Document Type


Publication Title

The FASEB Journal


The facial nerve demonstrates wide anatomical variation and significant clinical relevance. Branching patterns of the facial nerve have been extensively studied, but communicating branches have comparatively received far less attention. Communicating branches of the facial nerve are hypothesized as an important means of motor recovery to facial nerve injury, and therefore must be carefully considered by physicians working in the region of innervation. Indeed, damage to branches of the nerve is associated with significant ramifications to patients, and facial nerve injury is the most common complication of facial surgery. Knowledge of communicating branches may contribute to preservation of facial nerve function, and therefore are important to describe and document. This study aims to clarify the frequency and branching patterns of communicating branches of the facial nerve. Cadaver specimens from the Gift Body Program at Kansas City University College of Osteopathic Medicine revealed the anatomy. Cadaveric dissections were performed bilaterally to identify and document communicating branches across the facial nerve extending from the temporal to cervical branches. Frequency and location of communicating branches were assessed among 15 body donors bilaterally, yielding 30 facial nerves for analysis. Due to the variability of facial nerve branches observed bilaterally on specimens, this study utilized right and left facial nerves of each donor as individual specimens. We document and describe the presence of communicating branches across the temporal, zygomatic, buccal, marginal mandibular, and cervical branches. This characterization has more accurately established the generalizable area(s) in which communicating branches are located. A higher frequency of communicating branches between the marginal mandibular and cervical branches was observed than has been previously reported. The locations of these branches are described in relation to nearby landmarks for use in clinical and surgical settings. Branch variations were carefully outlined and overlaid to demonstrate areas of density to support surgical and procedural awareness.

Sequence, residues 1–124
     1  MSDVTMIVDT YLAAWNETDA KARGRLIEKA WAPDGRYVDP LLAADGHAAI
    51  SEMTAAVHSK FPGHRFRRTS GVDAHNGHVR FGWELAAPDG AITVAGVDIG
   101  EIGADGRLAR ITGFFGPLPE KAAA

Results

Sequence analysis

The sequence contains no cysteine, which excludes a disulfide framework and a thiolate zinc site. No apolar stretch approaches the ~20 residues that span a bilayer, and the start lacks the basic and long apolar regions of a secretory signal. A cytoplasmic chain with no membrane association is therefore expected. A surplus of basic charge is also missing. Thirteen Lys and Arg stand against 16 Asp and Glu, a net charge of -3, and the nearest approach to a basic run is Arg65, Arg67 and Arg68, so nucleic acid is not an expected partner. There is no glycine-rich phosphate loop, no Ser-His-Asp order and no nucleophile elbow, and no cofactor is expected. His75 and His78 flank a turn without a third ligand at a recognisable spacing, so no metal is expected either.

Publication Date